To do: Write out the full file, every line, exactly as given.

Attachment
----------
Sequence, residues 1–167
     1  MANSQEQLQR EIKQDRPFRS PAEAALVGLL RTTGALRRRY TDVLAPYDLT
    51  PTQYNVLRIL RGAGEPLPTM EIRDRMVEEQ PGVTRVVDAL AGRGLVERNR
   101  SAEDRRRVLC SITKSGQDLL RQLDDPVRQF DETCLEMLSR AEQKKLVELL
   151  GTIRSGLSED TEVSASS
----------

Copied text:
Sequence, residues 1–167
     1  MANSQEQLQR EIKQDRPFRS PAEAALVGLL RTTGALRRRY TDVLAPYDLT
    51  PTQYNVLRIL RGAGEPLPTM EIRDRMVEEQ PGVTRVVDAL AGRGLVERNR
   101  SAEDRRRVLC SITKSGQDLL RQLDDPVRQF DETCLEMLSR AEQKKLVELL
   151  GTIRSGLSED TEVSASS